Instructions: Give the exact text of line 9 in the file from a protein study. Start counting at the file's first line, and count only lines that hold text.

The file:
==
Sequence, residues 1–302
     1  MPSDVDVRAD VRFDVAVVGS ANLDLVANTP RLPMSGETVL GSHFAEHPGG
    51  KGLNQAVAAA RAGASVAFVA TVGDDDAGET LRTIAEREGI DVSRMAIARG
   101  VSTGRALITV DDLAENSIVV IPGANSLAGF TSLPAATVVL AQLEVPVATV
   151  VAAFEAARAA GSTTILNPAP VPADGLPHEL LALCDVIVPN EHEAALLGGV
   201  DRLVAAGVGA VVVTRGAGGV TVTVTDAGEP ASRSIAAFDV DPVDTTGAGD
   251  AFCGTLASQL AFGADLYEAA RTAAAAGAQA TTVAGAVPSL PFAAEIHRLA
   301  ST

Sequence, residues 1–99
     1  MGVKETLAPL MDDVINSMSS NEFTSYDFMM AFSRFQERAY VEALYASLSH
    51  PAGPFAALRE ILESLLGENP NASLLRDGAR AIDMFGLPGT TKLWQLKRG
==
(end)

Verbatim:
Sequence, residues 1–99